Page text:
May 8: Education News We're Reading This Week


May 8, 2015Here are the best articles from education news this week.

Cognoscenti posted this article on changing the mindset of high-achieving, low-income students to reach higher when applying to college. Educating both students and parents can often raise the number of these students who apply to selective schools, where more generous financial aid packages and robust support are offered.

This New York Times op-ed presents pros and cons of the new SAT model, which will debut in spring 2016. While more straightforward and with an optional essay portion, the exam is still “designed primarily to rank students rather than measure what they actually know.”

One in four rural children in the U.S. live in poverty, writes Education Next. Author Dan Fishman published this in-depth piece on distance learning, ed tech, and “college for all” in the country’s more remote areas.

“Inequality is excessive and a key solution would be increased access to community college,” notes Jay Matthews on behalf of two former chairs of the Federal Reserve. General concensus says that this increased focus would strengthen U.S. education and economy, but better instruction, organization, and funding are prerequisites.

Ron Lieber shares advice from former student loan borrowers on what they wish they’d known. Given the often complicated and impersonal, if mandatory, loan counseling from the U.S. Department of Education, contributors offer tips on everything from pre-college planning to assessing interest while making post-grad payments.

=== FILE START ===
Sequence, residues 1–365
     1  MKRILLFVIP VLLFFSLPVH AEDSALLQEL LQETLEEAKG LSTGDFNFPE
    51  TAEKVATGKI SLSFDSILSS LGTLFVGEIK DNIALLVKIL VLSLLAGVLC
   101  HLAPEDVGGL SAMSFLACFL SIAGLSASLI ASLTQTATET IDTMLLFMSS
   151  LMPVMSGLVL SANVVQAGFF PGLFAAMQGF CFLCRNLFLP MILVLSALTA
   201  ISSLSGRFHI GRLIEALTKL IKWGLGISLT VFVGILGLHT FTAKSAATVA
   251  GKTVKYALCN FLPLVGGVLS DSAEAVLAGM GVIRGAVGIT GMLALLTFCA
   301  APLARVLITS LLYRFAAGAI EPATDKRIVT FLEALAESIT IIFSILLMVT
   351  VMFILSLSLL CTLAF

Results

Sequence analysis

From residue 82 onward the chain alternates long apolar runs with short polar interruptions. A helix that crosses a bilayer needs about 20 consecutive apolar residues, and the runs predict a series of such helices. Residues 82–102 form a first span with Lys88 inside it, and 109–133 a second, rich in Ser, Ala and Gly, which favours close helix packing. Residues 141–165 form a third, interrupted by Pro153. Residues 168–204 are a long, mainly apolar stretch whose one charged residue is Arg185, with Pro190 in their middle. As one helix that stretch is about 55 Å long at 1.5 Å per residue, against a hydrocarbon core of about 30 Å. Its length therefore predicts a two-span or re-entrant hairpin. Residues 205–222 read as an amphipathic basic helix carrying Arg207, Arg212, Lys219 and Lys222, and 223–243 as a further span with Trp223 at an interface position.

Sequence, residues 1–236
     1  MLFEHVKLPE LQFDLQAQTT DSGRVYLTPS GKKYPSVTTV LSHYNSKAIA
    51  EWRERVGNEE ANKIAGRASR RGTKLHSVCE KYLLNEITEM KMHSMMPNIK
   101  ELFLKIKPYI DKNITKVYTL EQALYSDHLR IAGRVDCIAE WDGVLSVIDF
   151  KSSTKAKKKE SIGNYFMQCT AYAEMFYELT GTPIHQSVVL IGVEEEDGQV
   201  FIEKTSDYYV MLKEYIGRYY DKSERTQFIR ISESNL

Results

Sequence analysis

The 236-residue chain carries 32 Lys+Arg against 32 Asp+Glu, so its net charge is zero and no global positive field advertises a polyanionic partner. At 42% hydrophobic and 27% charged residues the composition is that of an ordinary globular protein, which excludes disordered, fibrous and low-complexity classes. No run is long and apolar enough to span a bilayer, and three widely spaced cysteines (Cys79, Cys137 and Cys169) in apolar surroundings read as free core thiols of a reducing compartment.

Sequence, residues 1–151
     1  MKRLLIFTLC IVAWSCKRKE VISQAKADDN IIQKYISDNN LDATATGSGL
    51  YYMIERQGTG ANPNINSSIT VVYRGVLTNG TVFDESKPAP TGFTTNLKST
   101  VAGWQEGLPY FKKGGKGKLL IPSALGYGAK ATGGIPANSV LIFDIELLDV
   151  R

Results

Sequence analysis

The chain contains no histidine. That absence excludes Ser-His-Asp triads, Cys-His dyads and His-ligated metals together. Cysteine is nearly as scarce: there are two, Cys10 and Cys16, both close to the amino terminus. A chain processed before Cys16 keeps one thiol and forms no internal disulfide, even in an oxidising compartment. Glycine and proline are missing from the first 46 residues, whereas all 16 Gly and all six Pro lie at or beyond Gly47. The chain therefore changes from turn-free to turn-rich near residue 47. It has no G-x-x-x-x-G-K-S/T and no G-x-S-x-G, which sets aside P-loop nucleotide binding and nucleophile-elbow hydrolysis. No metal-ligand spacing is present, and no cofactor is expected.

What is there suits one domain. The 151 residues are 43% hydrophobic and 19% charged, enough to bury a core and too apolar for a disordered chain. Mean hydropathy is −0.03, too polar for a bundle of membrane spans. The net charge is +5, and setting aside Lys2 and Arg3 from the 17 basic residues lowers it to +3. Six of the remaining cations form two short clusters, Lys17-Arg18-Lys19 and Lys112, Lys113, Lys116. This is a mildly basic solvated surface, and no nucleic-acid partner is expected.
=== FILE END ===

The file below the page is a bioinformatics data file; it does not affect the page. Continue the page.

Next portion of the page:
Hear opposing sides of the argument on personalized learning—by one definition, “using technology to give students more control over their education experience.” Deans for Impact founder Benjamin Riley and Charter School Growth Fund partner Alex Hernandez provide point and counter-point.

NPR went to social media to hear from grade-skippers and those who entered kindergarten early. Check out a few of the best tweets which show the negative and positive outcomes of their decisions.

The Senate’s rewrite of the Elementary and Secondary Education Act includes language that promotes using “open educational resources” to improve teaching and cut back on costly textbooks. Education Week shares that members of both parties have come together on the issue, which focuses on the sharing of high-quality, licensed material.

Last week the Cooke Foundation began to notify the recipients of this year’s Undergraduate Transfer Scholarships. These incredible students have excelled at their community colleges and are now on their way to a four-year institution. Here are a few of their stories we came across: